As an academic researcher, this is something that interests me. There is an abundance of information on single mothers raising children in comparison to single fathers raising children, but why?

The question posed is somewhat rhetorical because I know the answer; therefore, my issue is more with researchers and practitioners, including myself, getting on board with studying single fathering, so that men do not flounder on their own by simply winging it and hoping for the best while simultaneously being scrutinised by the family court system.

Growing Demographic

Most of what I have read about single fathers has sadly been negative, but the evidence to support the various studies’ assertions is limited in scope or simply speculation with no corroborating evidence. The inquisitive social science researcher in me cannot help but emphasise the need for empirical evidence.

Most researchers tend to focus on subjects in which we have a vast amount of information already available at our disposal, whereas I prefer to focus on those subjects or topics that lack enough, and this is one of them. I purposely look to find the “gap” in the literature and to subsequently fill that gap with useful information that will help in bringing awareness.

Another reason as to why we need to learn more about single fathering and its ultimate impact on our children and their futures, is that the number of single fathers raising children is increasing – slowly but steadily. As noted, the research is admittedly lacking and decades behind where it should be, in my opinion; however, an interesting 2013 Pew Research Center Study determined that a mere 8% of households with minor children in the United States are headed by a single father, up from just over 1% in 1960. Obviously, the increase in single-father households is not staggering by any means, but nonetheless, it is statistically significant. Any trend or pattern showing an upward mobility should be studied and assessed, in my opinion.

An excerpt from the aforementioned study stated,

The role of fathers has evolved, and the public now acknowledges their importance not only as breadwinners, but also as caregivers. Analysis of long-term time use data shows that fathers are narrowing the still sizable gap with mothers in the amount of time they spend with their children.”

Additionally, the Pew Research study found that “the public believes that a father’s greatest role is to provide values to his children, followed by emotional support, discipline and income support. Public opinion ascribes roughly the same hierarchy of roles to mothers.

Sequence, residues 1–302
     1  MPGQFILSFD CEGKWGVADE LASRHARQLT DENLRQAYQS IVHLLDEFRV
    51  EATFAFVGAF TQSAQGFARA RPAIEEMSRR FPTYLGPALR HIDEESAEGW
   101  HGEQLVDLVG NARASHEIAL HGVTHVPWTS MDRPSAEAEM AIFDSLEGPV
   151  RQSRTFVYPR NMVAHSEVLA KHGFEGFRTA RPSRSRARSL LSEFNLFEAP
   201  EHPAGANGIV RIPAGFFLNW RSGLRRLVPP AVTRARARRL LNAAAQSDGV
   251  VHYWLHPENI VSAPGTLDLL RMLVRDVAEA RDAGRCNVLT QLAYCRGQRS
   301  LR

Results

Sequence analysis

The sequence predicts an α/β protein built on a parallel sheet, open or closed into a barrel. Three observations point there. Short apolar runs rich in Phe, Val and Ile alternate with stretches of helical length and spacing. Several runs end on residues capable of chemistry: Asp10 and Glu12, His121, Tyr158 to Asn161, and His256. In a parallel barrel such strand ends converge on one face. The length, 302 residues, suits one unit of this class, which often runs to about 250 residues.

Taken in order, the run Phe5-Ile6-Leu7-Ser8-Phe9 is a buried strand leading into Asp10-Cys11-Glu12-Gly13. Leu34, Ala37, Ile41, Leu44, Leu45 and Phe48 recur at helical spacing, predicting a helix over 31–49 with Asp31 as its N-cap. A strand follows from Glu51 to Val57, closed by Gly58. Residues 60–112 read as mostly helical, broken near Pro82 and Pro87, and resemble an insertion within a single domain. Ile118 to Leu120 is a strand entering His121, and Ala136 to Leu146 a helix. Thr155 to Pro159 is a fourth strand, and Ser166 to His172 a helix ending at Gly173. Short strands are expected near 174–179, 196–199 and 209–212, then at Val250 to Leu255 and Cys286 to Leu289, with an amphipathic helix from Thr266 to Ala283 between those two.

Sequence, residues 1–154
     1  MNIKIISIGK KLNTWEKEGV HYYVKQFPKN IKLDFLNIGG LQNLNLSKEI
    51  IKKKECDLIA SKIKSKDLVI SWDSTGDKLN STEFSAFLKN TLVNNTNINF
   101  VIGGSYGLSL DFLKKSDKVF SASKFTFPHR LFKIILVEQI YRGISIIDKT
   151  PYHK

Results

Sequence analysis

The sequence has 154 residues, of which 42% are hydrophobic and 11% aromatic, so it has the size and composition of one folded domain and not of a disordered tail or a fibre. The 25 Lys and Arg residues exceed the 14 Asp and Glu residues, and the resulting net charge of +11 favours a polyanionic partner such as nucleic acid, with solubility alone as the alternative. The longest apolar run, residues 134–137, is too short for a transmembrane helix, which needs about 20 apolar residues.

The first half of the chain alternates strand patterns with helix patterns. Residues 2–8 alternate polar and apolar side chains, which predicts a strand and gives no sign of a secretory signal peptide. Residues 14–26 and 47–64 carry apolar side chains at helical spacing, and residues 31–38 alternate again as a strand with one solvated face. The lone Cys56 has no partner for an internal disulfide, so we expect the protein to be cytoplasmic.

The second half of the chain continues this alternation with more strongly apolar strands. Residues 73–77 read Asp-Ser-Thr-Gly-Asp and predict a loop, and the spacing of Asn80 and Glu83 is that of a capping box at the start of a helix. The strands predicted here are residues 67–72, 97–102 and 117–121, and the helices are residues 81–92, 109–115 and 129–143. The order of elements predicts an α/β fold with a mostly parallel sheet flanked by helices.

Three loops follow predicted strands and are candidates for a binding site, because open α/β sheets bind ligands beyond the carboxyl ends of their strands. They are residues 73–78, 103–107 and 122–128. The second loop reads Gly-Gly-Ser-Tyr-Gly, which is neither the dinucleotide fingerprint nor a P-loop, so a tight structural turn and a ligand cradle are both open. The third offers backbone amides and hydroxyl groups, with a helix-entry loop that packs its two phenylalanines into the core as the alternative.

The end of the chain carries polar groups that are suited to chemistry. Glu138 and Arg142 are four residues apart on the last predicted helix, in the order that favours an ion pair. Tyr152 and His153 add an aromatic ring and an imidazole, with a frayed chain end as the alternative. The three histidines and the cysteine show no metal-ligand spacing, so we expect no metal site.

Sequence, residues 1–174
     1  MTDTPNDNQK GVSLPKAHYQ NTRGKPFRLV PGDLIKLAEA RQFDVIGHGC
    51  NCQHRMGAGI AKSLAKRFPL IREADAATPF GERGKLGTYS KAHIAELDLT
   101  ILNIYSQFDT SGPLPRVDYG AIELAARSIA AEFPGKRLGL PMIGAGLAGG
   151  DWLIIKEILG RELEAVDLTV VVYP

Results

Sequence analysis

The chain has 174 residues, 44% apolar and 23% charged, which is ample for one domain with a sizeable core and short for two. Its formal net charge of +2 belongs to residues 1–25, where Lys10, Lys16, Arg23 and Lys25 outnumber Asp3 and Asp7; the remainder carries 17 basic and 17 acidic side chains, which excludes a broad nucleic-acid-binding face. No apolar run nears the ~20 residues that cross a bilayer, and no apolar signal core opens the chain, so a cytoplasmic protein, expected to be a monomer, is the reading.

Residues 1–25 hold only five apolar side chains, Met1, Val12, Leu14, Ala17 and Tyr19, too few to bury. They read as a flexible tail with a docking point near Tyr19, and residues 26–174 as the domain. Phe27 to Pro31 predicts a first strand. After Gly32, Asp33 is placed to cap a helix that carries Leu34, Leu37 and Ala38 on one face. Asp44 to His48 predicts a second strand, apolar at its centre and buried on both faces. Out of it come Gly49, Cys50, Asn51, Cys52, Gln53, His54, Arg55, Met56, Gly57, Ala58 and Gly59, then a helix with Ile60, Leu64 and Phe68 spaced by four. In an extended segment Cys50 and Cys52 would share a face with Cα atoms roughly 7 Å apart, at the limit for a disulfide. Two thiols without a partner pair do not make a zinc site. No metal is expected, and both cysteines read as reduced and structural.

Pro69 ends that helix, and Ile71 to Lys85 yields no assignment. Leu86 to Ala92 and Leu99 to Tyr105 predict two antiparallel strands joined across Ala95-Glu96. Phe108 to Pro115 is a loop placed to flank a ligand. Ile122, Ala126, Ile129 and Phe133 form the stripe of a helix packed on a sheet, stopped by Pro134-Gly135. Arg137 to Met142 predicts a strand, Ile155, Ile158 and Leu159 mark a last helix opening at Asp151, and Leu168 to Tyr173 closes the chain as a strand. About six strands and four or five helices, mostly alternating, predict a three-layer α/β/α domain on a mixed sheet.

I know that I am not alone in my thinking or my experience. I know many men who have shared, encountered, and been challenged with similar experiences who I greatly appreciate in my life, and I regard as exceptional fathers. I guess that you could say that we, as single fathers, are in a unique club of sorts. We can call ourselves the “8 percenters” (tee shirts coming soon) since we only make up 8 percent of US single-parent households.

Therefore, in order to truly sway the courts’ steadfast and most often, negative view of fathers, we need to step up and prove that while some men are genuinely deadbeat dads and deservedly so due to their own behaviours and actions, there are some who take this role seriously and therefore, they should be held in the same regard as dedicated, committed single mothers.

Impartiality is embedded into our nation’s judicial system and symbolised in the statue of Themis, the personification of justice whose blindfold symbolises that judgments be made based on the facts, the evidence, and not mere gender or any other demographic like race, nationality, ethnicity, and so forth. I have always said I am not pro-male, but rather pro-equality, only wanting to educate and address the gender inequity, stereotypes, and biases that exist within the family court system. Not all men are deadbeat fathers.


Originally published at Psychology Today. Photo by Kindel Media.

About the Author: Guest Writer

Dads4Kids is a harm prevention charity committed to excellence in fathering. Our vision is to transform the nation by inspiring fathers to help their children be the best they can be. There’s a crisis in Australia. According to the Australian Bureau of Statistics, 870,000 children, more than 1 in 6, live without their biological father at home.